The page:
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State Attorneys General Play Leading Role in Natural Resource Damage Cases

Paula Cotter, Environment Project Director and Chief Counsel

The federal government’s Natural Resource Damage Assessment and Restoration Program (NRDAR) works to restore natural resources injured as a result of oil spills or hazardous substance releases into the environment.

Damage assessments provide the basis for determining the restoration needs that address the public's loss and use of these resources.

State Attorneys General often serve as counselors to state government agencies and legislatures and must act as representatives of the public interest. Restoration efforts can have an enormous impact on a state’s environmental resources and affect the public’s health and safety. As natural resource damage assessments and restoration play a growing role in the much larger scheme of environmental protection, Attorneys General are increasingly taking the lead in these types of cases.

Managed by the Department of the Interior (DOI), the Restoration Program assesses the damages and injuries to natural resources and negotiates legal settlements or takes other legal actions against the responsible parties for the spill or release. Funds from these settlements are then used to restore the injured resources at no expense to the taxpayer. Settlements often include the recovery of the costs incurred in assessing the damages. These funds are then used to fund further damage assessments.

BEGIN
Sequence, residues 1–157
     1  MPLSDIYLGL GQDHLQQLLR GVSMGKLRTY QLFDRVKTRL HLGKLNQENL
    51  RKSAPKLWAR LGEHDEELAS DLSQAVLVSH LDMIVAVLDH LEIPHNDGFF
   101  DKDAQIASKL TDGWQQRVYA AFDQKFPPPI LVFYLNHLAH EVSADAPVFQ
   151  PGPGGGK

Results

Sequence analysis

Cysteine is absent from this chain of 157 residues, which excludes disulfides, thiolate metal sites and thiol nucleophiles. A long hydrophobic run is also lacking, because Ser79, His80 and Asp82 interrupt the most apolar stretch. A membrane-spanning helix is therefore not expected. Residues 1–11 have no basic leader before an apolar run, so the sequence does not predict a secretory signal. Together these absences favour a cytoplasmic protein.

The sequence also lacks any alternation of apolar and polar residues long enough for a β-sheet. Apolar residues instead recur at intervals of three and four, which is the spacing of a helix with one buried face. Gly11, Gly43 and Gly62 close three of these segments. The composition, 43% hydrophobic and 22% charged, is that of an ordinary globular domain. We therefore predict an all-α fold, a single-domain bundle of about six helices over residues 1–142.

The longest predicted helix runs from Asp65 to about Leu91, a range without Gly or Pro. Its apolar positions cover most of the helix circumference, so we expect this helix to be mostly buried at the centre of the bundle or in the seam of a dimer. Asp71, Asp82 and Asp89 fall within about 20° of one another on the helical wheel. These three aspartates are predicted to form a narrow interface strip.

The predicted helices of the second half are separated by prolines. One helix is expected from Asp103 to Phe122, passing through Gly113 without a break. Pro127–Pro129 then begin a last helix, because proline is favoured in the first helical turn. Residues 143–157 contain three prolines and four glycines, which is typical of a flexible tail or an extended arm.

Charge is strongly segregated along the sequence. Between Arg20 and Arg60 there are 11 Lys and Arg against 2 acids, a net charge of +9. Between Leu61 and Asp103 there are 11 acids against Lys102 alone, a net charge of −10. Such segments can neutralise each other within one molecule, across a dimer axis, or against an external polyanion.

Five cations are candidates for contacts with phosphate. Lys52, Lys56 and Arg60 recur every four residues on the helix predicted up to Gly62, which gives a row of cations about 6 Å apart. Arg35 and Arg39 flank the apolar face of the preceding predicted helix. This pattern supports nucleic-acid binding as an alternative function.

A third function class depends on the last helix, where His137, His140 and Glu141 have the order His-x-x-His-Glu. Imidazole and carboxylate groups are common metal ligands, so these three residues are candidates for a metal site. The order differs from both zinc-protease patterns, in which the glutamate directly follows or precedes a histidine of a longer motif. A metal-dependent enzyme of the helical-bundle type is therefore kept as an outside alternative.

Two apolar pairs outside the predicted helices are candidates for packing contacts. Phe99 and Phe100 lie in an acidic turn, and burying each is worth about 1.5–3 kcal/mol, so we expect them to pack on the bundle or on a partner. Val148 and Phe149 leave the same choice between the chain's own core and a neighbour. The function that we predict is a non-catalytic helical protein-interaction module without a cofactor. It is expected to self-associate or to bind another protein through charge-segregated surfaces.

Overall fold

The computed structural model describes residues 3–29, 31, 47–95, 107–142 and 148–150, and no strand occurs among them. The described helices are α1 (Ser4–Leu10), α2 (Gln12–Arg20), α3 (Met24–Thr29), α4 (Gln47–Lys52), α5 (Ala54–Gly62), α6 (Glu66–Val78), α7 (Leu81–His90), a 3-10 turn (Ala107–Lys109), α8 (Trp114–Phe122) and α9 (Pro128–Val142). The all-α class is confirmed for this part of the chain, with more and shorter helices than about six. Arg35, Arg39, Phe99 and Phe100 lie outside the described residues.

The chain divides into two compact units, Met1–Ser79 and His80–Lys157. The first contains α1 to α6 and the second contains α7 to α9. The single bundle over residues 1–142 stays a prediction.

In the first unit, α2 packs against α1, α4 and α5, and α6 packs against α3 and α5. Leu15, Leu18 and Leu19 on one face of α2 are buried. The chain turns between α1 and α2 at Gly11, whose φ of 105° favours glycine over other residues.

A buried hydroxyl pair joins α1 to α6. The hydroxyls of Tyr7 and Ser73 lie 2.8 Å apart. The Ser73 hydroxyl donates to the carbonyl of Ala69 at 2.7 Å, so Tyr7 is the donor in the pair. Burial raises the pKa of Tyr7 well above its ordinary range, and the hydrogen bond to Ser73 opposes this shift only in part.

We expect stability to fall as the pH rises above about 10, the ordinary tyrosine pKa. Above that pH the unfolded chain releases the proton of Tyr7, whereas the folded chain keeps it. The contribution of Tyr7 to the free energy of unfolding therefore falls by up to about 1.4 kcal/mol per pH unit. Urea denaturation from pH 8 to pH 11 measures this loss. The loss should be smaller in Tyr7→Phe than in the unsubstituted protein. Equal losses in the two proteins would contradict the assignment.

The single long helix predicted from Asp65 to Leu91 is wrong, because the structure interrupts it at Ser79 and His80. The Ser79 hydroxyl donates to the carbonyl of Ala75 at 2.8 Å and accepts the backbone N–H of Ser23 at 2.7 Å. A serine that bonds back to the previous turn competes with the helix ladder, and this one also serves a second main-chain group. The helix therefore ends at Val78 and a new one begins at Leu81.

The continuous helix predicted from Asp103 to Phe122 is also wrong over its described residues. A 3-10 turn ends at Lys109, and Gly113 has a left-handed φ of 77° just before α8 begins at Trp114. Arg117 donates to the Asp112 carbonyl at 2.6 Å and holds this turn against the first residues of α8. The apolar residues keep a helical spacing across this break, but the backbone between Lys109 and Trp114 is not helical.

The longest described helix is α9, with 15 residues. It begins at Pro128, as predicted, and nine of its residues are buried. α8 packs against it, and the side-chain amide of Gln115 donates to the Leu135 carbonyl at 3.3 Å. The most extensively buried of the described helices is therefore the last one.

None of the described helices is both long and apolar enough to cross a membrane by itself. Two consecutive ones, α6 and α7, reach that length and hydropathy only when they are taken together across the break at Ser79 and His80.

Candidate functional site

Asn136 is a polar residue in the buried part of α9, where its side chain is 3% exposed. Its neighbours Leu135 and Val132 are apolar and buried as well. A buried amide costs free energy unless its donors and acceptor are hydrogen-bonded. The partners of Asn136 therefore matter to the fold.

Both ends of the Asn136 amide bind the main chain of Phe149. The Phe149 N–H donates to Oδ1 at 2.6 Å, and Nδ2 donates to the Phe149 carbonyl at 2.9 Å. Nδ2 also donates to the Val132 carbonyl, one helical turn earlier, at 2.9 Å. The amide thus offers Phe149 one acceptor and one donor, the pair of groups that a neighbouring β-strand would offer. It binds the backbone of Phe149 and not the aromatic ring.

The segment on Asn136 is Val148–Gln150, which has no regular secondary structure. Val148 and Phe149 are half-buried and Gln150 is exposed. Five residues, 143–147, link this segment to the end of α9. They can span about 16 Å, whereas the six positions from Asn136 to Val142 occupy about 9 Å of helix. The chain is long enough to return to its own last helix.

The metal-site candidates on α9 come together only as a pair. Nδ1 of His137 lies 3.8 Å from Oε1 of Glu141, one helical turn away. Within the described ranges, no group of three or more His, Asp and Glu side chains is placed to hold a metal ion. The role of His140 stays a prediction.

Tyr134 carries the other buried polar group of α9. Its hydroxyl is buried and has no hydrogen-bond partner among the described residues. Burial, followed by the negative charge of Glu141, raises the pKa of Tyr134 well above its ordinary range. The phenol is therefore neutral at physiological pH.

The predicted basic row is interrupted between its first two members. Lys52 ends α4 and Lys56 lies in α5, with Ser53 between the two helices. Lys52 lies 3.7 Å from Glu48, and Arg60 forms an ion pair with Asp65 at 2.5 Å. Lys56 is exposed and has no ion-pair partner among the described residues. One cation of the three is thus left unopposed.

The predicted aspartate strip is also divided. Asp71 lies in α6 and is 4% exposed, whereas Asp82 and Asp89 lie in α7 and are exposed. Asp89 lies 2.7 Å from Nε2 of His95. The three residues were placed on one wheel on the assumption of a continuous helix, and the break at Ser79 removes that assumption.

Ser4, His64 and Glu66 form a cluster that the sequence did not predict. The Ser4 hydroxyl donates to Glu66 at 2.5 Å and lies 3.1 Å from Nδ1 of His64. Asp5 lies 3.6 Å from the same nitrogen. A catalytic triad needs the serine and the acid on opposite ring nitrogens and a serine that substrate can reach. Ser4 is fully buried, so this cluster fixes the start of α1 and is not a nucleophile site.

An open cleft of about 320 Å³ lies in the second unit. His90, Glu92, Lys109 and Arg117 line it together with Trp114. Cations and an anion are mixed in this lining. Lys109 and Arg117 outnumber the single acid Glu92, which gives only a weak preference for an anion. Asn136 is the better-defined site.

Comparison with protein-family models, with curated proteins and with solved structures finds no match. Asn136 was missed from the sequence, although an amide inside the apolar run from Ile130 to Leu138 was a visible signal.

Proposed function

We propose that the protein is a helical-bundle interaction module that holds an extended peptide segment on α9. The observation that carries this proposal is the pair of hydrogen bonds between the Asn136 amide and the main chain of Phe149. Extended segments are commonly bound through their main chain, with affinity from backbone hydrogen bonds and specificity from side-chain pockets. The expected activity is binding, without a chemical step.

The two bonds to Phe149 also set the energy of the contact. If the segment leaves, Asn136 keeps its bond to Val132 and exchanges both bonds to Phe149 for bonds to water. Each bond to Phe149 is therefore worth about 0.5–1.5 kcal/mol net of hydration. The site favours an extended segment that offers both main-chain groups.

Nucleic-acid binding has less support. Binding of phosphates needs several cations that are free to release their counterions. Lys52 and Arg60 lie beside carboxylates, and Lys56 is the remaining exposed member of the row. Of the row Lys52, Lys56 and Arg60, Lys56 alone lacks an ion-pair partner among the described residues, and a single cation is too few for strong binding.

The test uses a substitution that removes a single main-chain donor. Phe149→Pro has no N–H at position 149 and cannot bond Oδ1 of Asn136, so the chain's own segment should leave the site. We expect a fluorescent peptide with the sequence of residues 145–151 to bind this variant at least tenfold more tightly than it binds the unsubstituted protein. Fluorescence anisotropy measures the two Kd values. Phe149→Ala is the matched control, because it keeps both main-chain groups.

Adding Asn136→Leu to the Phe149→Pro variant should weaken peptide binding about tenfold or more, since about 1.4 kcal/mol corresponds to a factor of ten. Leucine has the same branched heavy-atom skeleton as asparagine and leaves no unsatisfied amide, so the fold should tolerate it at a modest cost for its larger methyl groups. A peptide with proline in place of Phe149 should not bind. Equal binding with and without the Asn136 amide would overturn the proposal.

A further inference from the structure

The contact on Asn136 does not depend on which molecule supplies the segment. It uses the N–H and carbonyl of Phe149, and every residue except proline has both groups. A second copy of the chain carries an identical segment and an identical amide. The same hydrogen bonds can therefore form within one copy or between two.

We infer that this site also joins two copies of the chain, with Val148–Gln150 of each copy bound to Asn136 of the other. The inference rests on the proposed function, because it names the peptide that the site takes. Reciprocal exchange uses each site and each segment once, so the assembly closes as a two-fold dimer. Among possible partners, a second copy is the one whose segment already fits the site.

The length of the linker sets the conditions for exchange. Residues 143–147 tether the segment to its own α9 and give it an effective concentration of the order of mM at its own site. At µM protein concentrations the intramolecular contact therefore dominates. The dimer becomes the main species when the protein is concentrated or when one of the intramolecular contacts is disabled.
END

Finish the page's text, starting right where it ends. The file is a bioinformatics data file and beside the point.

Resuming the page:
Now, more recent trends indicate that many state Attorneys General have been actively involved in litigation and settlements of natural resource damage (NRD) cases and are progressively leading the way.

For instance, the state of Montana has recovered approximately $200 million in settlement of its claims for mining-related NRDs in the Clark Fork River. The state of New Jersey is currently pursuing more than 100 claims for injury to its resources, primarily groundwater.

Virtually every state in the country has brought or settled claims, or is considering pursuing NRD, and an increasing number are actively building programs to handle such claims on a more routine basis. In almost every state the Attorney General plays an important part in natural resource damage cases.